Doctor Zhivago by Boris Pasternak
What the Back of the Book Has to Say:
"On they went singing 'Eternal Memory', and whenever they stopped, the sound of their feet, the horses and the gusts of wind seemed to carry on their singing..."
Doctor Zhivago is the epic novel of Russia in the throes of revolution and one of the greatest love stories ever told. Yuri Zhivago, physician and poet, wrestles with the new order and confronts the changes cruel experience has made in him and the anguish of being torn between the love of two women.
Why I Picked It Up:
Yet another misguided attempt to better myself by reading the classics.
What I Think:
Personally, I feel like I deserve some kind of special accolade for having read all of Doctor Zhivago. The entirety of the novel feels like you're reading a "classic." It revolves around Yuri Zhivago, true, but it encompasses eras of Russian history, from the Tsarist beginnings of the early 1900s to the end of the 1940s and World War II. Because of the scope of the novel, it makes it incredibly difficult to read for many different reasons.
The first reason is, to be quite honest, my own ignorance of early twentieth century Russian history. Of course, Pasternak lived through everything he described in the novel and there is an assumed sense that you know what the current regulations are, who each of the various fighting armies or militias are, and indeed, even what the year is. I always thought I knew a bit about Russian history but this novel has opened my eyes to the fact that everything I know about said history is from popular movies that I have watched and clearly that is not enough.
The secondary reason this book is nearly impossible is Russian names. In the edition I read, the page after the table of contents is a page devoted to "Principle Characters in the Novel" with a name division of three columns: "surname", "name and patronymic" and "diminutive". Any character can be called by any three of those names. Our main character is referred to as Zhivago, Yury Andreyevich, Yura, or Yuri. At least most of his start with "Yu" so you can figure it out. Other main characters are fairly easy. But where it gets hard is with all the secondary characters which leads us to our third reason.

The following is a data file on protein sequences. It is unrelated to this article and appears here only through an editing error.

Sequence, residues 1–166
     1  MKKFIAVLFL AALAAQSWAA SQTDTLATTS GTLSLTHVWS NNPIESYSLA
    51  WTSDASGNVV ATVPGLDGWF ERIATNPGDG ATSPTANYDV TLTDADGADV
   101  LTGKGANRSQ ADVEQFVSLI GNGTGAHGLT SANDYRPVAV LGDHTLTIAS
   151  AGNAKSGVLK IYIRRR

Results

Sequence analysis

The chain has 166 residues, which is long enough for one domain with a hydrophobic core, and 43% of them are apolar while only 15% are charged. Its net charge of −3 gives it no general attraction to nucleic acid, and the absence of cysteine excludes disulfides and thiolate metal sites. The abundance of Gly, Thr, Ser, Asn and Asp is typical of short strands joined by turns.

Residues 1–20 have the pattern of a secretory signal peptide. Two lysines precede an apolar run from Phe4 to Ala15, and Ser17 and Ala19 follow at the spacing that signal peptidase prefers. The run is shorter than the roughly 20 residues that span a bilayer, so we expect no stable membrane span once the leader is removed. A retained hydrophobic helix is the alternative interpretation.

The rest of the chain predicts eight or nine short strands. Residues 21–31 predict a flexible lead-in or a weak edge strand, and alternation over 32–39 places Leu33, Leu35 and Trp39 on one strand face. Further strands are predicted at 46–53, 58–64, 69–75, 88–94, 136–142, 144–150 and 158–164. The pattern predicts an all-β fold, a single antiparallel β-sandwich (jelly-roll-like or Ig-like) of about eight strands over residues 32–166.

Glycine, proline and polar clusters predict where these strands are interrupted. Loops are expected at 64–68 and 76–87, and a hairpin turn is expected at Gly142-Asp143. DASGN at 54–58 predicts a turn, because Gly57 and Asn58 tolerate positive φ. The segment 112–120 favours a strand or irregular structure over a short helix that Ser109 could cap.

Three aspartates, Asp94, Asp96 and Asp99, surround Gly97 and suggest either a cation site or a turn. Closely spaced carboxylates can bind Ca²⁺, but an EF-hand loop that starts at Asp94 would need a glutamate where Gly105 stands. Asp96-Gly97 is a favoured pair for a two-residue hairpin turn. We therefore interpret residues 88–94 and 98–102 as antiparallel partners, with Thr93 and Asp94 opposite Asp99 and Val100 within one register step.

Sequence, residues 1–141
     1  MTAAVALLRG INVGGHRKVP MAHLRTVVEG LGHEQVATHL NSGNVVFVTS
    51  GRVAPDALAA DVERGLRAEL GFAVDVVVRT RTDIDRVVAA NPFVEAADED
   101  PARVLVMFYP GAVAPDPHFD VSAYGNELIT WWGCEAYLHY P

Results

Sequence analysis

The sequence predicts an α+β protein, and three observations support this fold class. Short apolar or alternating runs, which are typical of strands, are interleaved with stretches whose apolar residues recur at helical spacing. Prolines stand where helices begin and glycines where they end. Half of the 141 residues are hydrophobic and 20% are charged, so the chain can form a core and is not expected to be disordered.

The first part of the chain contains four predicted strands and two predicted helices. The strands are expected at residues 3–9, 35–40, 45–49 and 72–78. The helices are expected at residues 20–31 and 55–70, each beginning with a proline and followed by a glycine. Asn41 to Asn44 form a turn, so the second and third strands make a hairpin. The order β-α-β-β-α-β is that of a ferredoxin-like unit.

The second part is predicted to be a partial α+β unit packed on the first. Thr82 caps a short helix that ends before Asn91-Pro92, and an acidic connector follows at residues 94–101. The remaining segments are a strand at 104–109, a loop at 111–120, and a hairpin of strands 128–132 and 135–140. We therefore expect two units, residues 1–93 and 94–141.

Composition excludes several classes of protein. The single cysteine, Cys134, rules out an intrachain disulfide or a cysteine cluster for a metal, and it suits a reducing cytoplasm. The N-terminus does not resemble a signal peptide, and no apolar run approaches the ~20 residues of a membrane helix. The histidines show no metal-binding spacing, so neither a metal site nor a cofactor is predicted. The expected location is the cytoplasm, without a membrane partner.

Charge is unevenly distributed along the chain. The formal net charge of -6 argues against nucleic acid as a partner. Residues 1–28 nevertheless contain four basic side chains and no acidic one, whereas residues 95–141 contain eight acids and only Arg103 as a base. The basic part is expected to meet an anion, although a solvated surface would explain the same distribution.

There are so many secondary characters and Pasternak expects you to remember every single one of them. Despite the list after the contents, there are still at least ten or so characters that the author clearly expects you to recognize immediately but usually just leave you with that strange 'I know I should be making a connection' feeling in the back of your head. Pasternak is obviously trying to make a theme of connectedness and fate with the way characters appear in and out, hundreds of pages apart but it is ultimately just frustrating. What you actually need to read this novel is a constantly updating chart with names, references and maybe even page numbers.
Getting past all these details, there is still the plot itself. The cover of my edition tells me that this is "one of the greatest love stories ever told." I am annoyed with this. The way love is portrayed in this novel is the way all old fashioned, epic love stories tend to make it: the main characters meet and despite the reader never actually seeing them fall in love, they somehow fall into that state and then are passionately and painfully in love. It's tiring, especially as it seems to come from nowhere and catches both of our "destined" lovers in adulterous affairs.
What really annoys me about Lara and Yury's deep and powerful love is that they are both obviously still in love with their respectful partners, despite also having an all-consuming love for each other. I understand the way the author tries to justify their love by showing how their spouses came out of childhood views of responsibility but the two of them clearly still feel for their significant others. They're also both parents and Lara, in particular, seems to be leaving a bad impression for her daughter, Katya.
And beyond all of that, towards the end of the novel, Yury takes on a third relationship with a girl named Marina and has children with her. Tonya and Lara are vaguely understandable as a dutiful love versus a passionate love but to bring in a third girl? I was slightly offended, to be honest.
I'm not even going to get into the strange Biblical undertones that come out of nowhere sometimes and the forty pages of poems ostensibly written by Zhivago in the back of the book. Suffice it to say, I tend to dislike poems and these did not change my mind.
All in all, the novel definitely felt like an epic but keeps a distance from the reader that is nigh impossible to bridge. Read it if you fancy an intellectual exercise but I don't know if you'd really want to read it for pleasure. I definitely wouldn't again.